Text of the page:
Toughbook takes mil-spec testing a step further

Aug. 13, 2009
Panasonic is so confident in its rugged Toughbook line of computers, that when it came time for stringent military-standard MIL-STD-810G testing, the company wasn’t satisfied. It went further

Panasonic is so confident in its rugged Toughbook line of computers, that when it came time for stringent military-standard MIL-STD-810G testing, the company wasn’t satisfied. It went further. Citing its 15 years of experience in the industry, Panasonic believed the 810G test wasn’t sufficient enough.

“Most people are not aware that the military itself does not test products, but only provides guidelines,” said Kyp Walls, director of product management at Panasonic Computer Solutions. “As a result, there is actually a lot of flexibility in conducting military-standard testing, which has made for an environment in which vendor claims about durability have actually gone untested. For example, many companies will use multiple devices to pass the 26 angle military- standard drop test method. This level of slack means that some products can be identified as mil-spec, yet not reflect real-world performance needs. This is unacceptable according to Panasonic’s—and our mission-critical customers’—standards.”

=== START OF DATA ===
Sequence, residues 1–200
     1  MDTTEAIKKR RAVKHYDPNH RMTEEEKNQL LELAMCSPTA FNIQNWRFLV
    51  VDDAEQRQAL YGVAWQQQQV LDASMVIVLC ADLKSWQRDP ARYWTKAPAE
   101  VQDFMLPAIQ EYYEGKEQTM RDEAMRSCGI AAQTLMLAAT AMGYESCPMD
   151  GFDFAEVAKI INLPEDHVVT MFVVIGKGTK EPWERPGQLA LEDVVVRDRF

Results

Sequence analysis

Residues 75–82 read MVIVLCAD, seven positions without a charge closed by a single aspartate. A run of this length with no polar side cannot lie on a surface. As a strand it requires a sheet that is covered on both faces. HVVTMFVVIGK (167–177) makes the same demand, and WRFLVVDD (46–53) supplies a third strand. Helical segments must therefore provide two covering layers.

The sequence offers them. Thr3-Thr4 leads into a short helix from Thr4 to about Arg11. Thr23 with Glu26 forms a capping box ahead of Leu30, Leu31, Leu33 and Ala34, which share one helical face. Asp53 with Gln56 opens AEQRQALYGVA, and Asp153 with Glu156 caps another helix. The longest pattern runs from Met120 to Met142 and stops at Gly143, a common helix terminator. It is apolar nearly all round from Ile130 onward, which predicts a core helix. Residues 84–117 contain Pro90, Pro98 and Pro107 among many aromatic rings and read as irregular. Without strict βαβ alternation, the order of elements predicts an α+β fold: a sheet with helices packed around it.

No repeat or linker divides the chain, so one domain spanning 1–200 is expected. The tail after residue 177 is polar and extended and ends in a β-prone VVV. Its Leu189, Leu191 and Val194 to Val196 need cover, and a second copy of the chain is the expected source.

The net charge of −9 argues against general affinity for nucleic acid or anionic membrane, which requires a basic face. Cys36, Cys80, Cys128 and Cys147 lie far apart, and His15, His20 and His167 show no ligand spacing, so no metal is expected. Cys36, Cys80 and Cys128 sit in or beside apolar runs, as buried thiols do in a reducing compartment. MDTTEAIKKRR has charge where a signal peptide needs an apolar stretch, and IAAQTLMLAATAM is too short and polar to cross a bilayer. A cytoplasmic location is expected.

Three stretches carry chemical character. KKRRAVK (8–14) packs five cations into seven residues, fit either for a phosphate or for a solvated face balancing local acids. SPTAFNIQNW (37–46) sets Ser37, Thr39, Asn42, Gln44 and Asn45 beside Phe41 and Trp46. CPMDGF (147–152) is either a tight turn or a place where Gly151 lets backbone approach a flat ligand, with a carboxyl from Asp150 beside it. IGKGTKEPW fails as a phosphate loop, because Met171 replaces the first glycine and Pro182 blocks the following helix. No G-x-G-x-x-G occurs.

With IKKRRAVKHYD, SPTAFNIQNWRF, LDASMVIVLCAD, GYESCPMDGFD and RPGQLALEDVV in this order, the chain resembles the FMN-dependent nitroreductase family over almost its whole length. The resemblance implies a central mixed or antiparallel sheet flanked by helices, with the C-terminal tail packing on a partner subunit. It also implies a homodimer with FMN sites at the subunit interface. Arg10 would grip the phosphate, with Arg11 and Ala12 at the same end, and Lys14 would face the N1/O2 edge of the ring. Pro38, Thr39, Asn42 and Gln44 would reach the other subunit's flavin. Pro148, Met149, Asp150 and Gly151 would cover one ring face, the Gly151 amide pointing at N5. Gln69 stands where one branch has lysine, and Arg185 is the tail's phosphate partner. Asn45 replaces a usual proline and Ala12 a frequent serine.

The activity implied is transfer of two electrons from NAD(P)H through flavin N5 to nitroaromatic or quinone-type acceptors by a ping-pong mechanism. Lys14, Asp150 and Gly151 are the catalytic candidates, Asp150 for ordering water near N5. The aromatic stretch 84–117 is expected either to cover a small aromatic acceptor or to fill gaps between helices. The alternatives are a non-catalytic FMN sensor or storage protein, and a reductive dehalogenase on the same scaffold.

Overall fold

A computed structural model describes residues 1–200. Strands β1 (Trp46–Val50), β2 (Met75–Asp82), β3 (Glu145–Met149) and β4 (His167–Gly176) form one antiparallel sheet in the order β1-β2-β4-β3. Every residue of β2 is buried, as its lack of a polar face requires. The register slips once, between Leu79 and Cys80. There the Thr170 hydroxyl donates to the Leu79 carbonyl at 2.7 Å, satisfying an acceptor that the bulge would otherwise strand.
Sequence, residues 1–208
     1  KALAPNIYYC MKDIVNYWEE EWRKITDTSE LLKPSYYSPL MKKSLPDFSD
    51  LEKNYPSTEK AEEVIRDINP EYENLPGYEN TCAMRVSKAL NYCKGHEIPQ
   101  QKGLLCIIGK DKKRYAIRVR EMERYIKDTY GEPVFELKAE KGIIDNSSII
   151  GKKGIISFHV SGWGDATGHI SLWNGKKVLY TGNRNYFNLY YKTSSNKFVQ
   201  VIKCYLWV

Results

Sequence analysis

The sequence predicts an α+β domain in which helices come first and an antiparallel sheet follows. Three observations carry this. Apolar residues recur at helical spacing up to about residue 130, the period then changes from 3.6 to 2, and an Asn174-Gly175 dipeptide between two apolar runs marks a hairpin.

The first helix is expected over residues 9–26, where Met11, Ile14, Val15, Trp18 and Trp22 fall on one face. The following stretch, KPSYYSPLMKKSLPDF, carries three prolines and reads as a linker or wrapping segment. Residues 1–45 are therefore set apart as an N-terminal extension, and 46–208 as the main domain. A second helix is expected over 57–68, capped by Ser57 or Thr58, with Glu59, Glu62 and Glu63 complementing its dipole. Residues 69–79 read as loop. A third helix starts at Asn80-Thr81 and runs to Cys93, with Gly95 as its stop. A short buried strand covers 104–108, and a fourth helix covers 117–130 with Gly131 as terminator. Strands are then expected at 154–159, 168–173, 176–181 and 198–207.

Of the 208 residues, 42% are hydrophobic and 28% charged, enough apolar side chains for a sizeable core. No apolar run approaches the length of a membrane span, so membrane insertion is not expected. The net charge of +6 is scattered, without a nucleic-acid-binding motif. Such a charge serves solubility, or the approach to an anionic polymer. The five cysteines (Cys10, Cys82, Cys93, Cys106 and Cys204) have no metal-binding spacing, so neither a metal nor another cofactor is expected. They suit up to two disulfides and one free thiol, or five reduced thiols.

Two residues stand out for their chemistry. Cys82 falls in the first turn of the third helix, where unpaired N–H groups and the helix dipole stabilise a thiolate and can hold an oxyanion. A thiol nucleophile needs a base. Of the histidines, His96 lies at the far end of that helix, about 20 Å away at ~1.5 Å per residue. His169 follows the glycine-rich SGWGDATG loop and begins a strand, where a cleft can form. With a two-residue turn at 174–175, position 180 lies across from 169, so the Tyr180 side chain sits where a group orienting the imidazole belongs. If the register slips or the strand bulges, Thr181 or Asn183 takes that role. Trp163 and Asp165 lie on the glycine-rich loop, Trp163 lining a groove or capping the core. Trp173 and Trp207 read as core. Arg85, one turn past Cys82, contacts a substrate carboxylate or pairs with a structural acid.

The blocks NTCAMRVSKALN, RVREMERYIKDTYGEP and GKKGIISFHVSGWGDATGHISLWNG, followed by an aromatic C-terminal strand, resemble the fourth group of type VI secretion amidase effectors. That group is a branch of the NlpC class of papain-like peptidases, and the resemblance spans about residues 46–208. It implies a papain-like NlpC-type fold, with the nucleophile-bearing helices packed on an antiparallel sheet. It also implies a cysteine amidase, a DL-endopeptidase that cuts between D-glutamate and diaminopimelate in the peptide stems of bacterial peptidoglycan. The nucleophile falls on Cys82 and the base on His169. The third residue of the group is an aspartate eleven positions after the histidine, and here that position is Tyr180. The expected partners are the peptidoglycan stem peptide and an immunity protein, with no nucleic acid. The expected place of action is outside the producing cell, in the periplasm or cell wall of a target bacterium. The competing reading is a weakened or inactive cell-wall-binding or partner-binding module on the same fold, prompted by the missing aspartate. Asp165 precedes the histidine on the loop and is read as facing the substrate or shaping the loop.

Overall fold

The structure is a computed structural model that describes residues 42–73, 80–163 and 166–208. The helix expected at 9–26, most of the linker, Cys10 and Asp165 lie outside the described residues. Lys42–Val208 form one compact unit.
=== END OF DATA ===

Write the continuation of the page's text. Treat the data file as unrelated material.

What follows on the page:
Instead of using multiple devices (the specs allow up to five, according to Panasonic), the company used just one Toughbook 19 convertible tablet, one Toughbook 30 laptop and one Toughbook U1 ultra mobile handheld replacement for all the testing. Each computer was dropped a total of 78 times from distances of four to six 6 ft. The results: Each passed 20 810G tests, which supersede the MIL-STD-810F testing. The computers also passed IP65 ingress protection testing and ASTM D4169-04 vehicle vibration tests, as conducted by a third-party laboratory, Panasonic said.

The testing is based on guidelines issued by the U.S. Army to certify products for use within the Dept. of Defense. “There’s a common misconception that products can receive a blanket ‘military standard certification’ verifying the device is rugged in all respects,” said Walls. “This is not the case. There are numerous tests and each test is broken down into different procedures. Tests can be modified, which is generally used as an excuse by vendors to make them easier to pass. However, Panasonic did not modify any MIL-STD-810G tests to try to water them down or make them easier. Rather, Panasonic has modified a test to make it more challenging and indicative of something a product could face in the real world.”

The company has posted videos of the testing at http://www.youtube.com/watch?v=pEeBG-pXoSA

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